Pros and Cons of Paying off Credit Cards with a Home Equity Loan

There is a disturbing trend going on today: consumer debt is growing much faster than many individuals’ personal assets.

Historically, home equity lines of credit and/or home equity loans were developed for homeowners to repair, remodel or refurbish their homes. Taking out a loan on the equity and increasing the value of the home through the improvement creates a win-win outcome for the homeowner.

Recent studies have shown American credit card debt has grown to an alarming $850 billion since 2000. According to Robert Manning, a finance professor at the Rochester Institute of Technology, over $350 billion in credit card debt has been shifted into home equity loans or primary mortgage refinances.

Granted, using one’s home equity to pay off high credit card balances has its plusses. For one, the debt is consolidated into one payment (as opposed to several payments due at varying times during the month) and the interest is generally lower. Moreover, home equity interest is tax-deductible, like credit card interest was prior to 1987.

Unfortunately, however, with the current housing market crisis, many lenders have stopped offering home equity loans, tightened requirements, or have substantially increased the interest rate. Historically, where 4% was the norm, today home equity loans and/or HELOCS can be between 5-9%. Moreover, the interest rate increases as the loan-to-value ratio increases as well. Toss in a borrower with less-than-perfect credit, and he will be penalized with an even higher interest rate. With the recent drop in housing prices, the amount of equity against which to borrow has also decreased.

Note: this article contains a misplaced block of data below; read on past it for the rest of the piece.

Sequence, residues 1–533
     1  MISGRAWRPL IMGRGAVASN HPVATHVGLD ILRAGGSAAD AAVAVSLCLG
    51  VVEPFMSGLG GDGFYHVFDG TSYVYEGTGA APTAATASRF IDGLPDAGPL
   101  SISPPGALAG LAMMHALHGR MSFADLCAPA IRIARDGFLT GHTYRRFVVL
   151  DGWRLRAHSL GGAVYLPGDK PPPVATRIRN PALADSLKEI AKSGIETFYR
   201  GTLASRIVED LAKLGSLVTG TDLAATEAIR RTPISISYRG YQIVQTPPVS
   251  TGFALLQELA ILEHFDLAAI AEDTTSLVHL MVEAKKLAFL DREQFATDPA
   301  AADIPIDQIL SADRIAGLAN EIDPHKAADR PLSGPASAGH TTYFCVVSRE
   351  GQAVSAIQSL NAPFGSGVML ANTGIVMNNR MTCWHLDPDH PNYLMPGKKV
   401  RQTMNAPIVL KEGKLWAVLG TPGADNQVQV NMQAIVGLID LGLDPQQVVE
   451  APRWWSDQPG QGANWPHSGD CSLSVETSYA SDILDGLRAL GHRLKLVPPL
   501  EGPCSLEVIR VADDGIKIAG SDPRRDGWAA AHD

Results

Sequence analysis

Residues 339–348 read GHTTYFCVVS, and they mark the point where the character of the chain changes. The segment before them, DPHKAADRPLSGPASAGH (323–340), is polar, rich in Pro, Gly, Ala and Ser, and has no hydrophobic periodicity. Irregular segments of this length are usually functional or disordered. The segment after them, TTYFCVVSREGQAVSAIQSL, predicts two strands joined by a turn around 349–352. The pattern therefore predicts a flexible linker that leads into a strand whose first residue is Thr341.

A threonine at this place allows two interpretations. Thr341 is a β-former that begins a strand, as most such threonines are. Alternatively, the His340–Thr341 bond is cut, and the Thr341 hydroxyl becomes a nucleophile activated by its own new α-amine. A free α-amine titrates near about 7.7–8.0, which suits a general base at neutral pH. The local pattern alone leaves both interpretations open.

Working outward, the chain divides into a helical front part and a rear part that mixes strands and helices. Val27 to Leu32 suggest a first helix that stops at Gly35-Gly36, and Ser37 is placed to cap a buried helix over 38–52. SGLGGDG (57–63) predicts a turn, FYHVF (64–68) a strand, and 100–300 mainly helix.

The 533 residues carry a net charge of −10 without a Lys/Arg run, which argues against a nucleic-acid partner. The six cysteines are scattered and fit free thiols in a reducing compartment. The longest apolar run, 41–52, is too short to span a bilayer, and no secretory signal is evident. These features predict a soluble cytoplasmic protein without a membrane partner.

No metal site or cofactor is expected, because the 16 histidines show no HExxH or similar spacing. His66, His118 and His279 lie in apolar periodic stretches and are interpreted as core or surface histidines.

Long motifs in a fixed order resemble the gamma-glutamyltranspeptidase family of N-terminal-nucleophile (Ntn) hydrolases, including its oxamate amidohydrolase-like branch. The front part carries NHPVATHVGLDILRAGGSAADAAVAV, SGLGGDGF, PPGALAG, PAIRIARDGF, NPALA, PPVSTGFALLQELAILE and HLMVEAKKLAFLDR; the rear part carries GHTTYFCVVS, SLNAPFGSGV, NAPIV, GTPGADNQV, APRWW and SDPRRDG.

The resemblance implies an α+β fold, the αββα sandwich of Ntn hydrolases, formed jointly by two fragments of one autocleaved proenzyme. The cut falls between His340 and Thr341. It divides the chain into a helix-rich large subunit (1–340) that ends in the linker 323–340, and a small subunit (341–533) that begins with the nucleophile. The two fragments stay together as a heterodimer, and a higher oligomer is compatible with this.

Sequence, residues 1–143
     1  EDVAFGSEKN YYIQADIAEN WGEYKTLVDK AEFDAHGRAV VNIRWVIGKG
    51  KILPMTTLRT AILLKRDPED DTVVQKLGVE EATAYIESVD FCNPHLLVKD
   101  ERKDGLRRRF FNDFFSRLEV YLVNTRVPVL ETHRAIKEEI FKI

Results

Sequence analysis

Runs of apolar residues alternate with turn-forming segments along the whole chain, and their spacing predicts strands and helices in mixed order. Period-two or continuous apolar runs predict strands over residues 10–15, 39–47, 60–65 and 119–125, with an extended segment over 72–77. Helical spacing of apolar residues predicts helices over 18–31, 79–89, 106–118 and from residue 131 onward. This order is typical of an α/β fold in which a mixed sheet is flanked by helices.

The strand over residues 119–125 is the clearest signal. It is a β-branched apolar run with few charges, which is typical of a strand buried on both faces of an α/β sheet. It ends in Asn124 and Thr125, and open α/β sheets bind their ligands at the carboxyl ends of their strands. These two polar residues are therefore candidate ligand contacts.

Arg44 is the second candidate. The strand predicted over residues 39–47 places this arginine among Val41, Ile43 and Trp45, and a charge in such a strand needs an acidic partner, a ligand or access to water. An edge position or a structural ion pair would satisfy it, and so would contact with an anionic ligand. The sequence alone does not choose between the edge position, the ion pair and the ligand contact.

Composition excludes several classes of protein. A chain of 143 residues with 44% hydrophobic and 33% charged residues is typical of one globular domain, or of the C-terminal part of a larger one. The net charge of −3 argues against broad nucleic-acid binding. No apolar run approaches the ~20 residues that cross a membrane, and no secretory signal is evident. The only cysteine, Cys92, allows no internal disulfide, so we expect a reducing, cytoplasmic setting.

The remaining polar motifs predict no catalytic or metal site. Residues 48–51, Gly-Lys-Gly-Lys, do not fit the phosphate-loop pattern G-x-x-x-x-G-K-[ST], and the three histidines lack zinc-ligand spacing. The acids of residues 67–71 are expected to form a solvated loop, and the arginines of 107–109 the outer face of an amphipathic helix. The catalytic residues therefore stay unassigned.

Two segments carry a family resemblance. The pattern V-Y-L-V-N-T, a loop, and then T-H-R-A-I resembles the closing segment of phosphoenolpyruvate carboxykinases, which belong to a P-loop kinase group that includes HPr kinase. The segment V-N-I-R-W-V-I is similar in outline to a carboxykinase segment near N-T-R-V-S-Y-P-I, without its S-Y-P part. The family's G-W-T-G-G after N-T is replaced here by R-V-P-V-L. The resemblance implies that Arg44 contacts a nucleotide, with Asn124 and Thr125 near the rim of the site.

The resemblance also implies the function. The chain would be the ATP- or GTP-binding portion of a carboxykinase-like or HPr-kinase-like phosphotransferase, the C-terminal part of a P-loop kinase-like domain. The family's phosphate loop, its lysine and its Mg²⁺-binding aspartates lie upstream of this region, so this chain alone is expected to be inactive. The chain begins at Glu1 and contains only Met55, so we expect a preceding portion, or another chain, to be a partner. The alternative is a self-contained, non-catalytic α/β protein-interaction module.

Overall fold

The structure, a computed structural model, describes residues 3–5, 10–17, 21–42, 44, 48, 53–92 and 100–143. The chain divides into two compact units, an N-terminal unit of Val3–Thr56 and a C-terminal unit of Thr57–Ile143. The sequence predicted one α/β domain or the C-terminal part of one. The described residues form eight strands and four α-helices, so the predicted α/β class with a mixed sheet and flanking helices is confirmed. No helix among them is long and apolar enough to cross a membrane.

The largest argument against this type of debt transfer is that if hit with financial ruin or forced to declare a bankruptcy, unsecured credit card debt can be erased, but not a home equity loan. More stringent bankruptcy laws have eliminated this option. With the tightening of lender requirements, the increase in credit card late fees and interest rates, and the decline in the value of real estate, many people are finding themselves in a very difficult situation in a vicious cycle from which many don’t see a way out.

Most importantly, however, is that all of this analysis does absolutely nothing to address the underlying issue which contributed to the debt in the first place. Many consumers do not realize that they are already in debt when they turn to the equity in their home. By shifting the debt into their mortgage, they often see themselves as debt-free because the credit card balances are zero. Without setting a budget and learning to live within one’s means, this cycle will continue, and more often than not, the consumer is more likely to run the balances back up, oftentimes to a higher level than before.

1. Dugas, Christine. “Home Equity Loans Dry Up.” USA Today.

2. Saenz, George. “Loan Consolidation: Yes!”